08 April 2013

Imperfect Bliss: A Novel by Susan Fales-Hill

Product Description: "Meet the Harcourts of Chevy Chase, Maryland. A respectable middle-class, middle-age, mixed-race couple, Harold and Forsythia have four eminently marriageable daughters—or so their mother believes. Forsythia named her girls after Windsor royals in the hopes that one day each would find her true prince. But princes are far from the mind of their second-born daughter, Elizabeth (AKA Bliss), who, in the aftermath of a messy divorce, has moved back home and thrown herself into earning her PhD. All that changes when a Bachelorette-style reality television show called The Virgin takes Bliss’s younger sister Diana as its star. Though she fights it at first, Bliss can’t help but be drawn into the romantic drama that ensues, forcing her to reconsider everything she thought she knew about love, her family, and herself. Fresh and engaging, Imperfect Bliss is a wickedly funny take on the ways that courtship and love have changed—even as they’ve stayed the same."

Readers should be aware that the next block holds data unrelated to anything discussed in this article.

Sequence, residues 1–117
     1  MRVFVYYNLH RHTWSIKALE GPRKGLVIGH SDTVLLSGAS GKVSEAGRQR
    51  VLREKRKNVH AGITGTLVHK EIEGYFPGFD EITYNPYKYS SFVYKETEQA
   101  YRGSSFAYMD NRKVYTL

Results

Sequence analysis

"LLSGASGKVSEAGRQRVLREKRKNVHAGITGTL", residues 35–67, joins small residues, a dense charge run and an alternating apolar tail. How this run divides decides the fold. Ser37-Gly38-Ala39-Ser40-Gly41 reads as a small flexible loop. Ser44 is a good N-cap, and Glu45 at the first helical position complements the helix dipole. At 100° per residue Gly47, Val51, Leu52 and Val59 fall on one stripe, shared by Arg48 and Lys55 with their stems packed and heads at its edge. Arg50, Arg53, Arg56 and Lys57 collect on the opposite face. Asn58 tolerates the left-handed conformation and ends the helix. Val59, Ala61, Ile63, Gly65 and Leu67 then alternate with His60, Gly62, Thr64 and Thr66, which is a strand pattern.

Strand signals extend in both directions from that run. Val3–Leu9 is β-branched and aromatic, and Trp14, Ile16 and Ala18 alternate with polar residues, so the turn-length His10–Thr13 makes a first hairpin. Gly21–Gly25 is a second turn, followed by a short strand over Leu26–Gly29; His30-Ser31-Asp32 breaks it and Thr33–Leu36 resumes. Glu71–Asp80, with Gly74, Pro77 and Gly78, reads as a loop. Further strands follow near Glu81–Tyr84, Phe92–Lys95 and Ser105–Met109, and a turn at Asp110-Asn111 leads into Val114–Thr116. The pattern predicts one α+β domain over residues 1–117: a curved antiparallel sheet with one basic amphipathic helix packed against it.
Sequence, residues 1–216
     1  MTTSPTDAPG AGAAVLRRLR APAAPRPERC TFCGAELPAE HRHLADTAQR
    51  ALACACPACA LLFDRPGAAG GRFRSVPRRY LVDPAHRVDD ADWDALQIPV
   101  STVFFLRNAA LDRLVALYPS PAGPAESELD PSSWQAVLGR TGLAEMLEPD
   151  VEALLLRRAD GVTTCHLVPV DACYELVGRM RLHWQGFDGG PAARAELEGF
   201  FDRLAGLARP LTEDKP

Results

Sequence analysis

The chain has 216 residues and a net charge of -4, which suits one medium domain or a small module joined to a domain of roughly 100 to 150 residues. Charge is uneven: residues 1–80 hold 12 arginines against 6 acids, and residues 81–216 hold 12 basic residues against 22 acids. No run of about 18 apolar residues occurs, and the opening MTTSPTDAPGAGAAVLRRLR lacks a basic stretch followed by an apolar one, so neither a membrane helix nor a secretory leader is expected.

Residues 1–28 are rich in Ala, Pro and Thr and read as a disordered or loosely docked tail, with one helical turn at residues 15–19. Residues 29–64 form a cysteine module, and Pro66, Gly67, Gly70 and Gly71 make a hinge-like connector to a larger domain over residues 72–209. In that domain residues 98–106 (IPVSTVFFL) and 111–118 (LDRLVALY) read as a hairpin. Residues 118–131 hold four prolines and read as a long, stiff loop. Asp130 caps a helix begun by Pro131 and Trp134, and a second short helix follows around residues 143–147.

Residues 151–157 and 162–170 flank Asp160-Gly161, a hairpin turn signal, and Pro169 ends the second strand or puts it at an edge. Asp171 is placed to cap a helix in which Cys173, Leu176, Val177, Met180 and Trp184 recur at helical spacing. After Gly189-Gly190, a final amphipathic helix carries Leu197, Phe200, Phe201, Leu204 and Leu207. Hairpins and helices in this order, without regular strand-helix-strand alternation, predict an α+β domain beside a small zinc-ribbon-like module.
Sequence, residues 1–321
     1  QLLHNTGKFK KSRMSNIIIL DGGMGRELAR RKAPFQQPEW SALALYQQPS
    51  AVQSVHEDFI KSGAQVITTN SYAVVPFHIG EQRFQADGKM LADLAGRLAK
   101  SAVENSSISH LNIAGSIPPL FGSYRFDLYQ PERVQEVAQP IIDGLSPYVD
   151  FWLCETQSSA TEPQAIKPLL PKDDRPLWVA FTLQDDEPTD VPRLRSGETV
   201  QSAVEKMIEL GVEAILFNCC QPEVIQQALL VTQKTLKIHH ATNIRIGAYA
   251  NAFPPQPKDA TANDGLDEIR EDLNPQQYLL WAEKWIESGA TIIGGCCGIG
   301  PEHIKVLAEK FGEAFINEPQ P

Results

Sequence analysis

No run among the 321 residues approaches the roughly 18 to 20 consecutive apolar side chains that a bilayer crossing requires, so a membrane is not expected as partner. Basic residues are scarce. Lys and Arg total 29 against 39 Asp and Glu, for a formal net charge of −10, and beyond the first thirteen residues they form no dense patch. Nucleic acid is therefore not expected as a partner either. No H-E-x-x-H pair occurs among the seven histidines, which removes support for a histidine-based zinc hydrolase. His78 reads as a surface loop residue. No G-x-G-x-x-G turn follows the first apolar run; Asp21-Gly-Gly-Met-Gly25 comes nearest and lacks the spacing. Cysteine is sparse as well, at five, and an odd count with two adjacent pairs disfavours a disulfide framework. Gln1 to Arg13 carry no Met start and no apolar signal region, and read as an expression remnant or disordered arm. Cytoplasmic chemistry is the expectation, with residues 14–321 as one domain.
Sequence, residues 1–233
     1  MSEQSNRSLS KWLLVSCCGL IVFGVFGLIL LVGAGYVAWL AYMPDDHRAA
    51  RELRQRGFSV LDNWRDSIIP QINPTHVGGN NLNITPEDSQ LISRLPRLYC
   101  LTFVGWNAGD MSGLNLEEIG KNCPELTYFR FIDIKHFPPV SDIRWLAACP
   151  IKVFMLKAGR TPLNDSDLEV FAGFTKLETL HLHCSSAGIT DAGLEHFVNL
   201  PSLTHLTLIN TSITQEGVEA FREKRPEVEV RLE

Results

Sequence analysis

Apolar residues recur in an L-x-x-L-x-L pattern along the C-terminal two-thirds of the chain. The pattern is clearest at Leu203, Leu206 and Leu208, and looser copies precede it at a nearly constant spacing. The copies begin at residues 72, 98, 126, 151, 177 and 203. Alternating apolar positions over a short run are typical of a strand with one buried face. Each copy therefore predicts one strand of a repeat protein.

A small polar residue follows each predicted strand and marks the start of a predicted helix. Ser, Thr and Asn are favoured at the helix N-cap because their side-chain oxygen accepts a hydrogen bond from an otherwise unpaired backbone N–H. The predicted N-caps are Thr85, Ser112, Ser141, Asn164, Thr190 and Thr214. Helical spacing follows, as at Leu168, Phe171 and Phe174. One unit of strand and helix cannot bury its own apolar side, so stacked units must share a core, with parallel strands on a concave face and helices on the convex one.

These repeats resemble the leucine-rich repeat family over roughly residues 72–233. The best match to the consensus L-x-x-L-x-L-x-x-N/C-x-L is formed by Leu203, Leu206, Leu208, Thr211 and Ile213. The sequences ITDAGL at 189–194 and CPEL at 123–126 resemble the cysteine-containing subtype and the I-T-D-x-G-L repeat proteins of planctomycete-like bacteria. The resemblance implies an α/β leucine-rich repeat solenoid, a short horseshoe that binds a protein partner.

Obviously, after reading the product description, I was expecting a fun, light read - despite the Jane Austen references in the description, I knew I was not about to find a serious novel. I did, however, expect to be entertained. In fact the opposite was true. From the moment I began reading, I was desperately hoping for the end to come quickly. Sad clich├ęs and sexist stereotypes abound in this hideous story about a bi-racial family, hovering in the middle-class while desperately seeking ascension to some sort of 'nobility' while the ridiculous matriarch attempts to marry off her three questionably-eligible daughters. The characters are at best unconvincing, and at worst demeaning and offensive caricatures of already unappealing people. Don't waste your time on this one - even the editor clearly didn't want to bother, as the book is full of major typographical and consistency errors. Read some actual Jane Austen instead! If zero stars were possible, I would have used that rating - instead, a sad one star.

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